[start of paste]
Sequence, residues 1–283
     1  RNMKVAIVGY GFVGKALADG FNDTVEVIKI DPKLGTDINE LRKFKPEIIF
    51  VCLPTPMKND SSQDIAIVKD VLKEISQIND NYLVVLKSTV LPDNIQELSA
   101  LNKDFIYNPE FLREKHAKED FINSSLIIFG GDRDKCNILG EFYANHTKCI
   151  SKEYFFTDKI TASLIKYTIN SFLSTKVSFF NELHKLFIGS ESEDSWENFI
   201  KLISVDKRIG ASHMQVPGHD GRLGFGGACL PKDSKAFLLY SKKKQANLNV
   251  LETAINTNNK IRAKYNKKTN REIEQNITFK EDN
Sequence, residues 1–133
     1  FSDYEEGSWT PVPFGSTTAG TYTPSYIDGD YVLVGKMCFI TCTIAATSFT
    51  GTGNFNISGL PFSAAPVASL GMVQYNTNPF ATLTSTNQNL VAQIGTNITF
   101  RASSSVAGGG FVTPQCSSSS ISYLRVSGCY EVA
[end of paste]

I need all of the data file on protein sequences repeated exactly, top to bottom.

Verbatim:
Sequence, residues 1–283
     1  RNMKVAIVGY GFVGKALADG FNDTVEVIKI DPKLGTDINE LRKFKPEIIF
    51  VCLPTPMKND SSQDIAIVKD VLKEISQIND NYLVVLKSTV LPDNIQELSA
   101  LNKDFIYNPE FLREKHAKED FINSSLIIFG GDRDKCNILG EFYANHTKCI
   151  SKEYFFTDKI TASLIKYTIN SFLSTKVSFF NELHKLFIGS ESEDSWENFI
   201  KLISVDKRIG ASHMQVPGHD GRLGFGGACL PKDSKAFLLY SKKKQANLNV
   251  LETAINTNNK IRAKYNKKTN REIEQNITFK EDN
Sequence, residues 1–133
     1  FSDYEEGSWT PVPFGSTTAG TYTPSYIDGD YVLVGKMCFI TCTIAATSFT
    51  GTGNFNISGL PFSAAPVASL GMVQYNTNPF ATLTSTNQNL VAQIGTNITF
   101  RASSSVAGGG FVTPQCSSSS ISYLRVSGCY EVA